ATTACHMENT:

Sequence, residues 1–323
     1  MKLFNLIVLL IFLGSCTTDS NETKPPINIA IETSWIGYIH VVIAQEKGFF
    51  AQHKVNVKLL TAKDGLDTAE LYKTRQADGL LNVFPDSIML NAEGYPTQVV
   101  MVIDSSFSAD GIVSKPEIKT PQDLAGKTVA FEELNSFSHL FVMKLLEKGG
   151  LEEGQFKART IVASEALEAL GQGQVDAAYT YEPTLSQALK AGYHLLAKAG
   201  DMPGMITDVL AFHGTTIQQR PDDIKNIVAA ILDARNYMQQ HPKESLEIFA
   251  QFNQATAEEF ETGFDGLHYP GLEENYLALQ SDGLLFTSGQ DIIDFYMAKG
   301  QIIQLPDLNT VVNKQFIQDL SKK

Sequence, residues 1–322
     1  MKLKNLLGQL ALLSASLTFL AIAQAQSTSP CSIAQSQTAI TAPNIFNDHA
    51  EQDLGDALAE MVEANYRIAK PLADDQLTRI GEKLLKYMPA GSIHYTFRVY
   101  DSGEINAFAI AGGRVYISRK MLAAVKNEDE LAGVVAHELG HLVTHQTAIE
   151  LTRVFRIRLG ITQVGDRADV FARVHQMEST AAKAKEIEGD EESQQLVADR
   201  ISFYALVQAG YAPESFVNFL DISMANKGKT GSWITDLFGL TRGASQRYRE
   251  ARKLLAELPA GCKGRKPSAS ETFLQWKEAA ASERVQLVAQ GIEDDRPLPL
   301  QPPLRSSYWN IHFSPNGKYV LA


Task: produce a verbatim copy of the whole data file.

Sequence, residues 1–323
     1  MKLFNLIVLL IFLGSCTTDS NETKPPINIA IETSWIGYIH VVIAQEKGFF
    51  AQHKVNVKLL TAKDGLDTAE LYKTRQADGL LNVFPDSIML NAEGYPTQVV
   101  MVIDSSFSAD GIVSKPEIKT PQDLAGKTVA FEELNSFSHL FVMKLLEKGG
   151  LEEGQFKART IVASEALEAL GQGQVDAAYT YEPTLSQALK AGYHLLAKAG
   201  DMPGMITDVL AFHGTTIQQR PDDIKNIVAA ILDARNYMQQ HPKESLEIFA
   251  QFNQATAEEF ETGFDGLHYP GLEENYLALQ SDGLLFTSGQ DIIDFYMAKG
   301  QIIQLPDLNT VVNKQFIQDL SKK

Sequence, residues 1–322
     1  MKLKNLLGQL ALLSASLTFL AIAQAQSTSP CSIAQSQTAI TAPNIFNDHA
    51  EQDLGDALAE MVEANYRIAK PLADDQLTRI GEKLLKYMPA GSIHYTFRVY
   101  DSGEINAFAI AGGRVYISRK MLAAVKNEDE LAGVVAHELG HLVTHQTAIE
   151  LTRVFRIRLG ITQVGDRADV FARVHQMEST AAKAKEIEGD EESQQLVADR
   201  ISFYALVQAG YAPESFVNFL DISMANKGKT GSWITDLFGL TRGASQRYRE
   251  ARKLLAELPA GCKGRKPSAS ETFLQWKEAA ASERVQLVAQ GIEDDRPLPL
   301  QPPLRSSYWN IHFSPNGKYV LA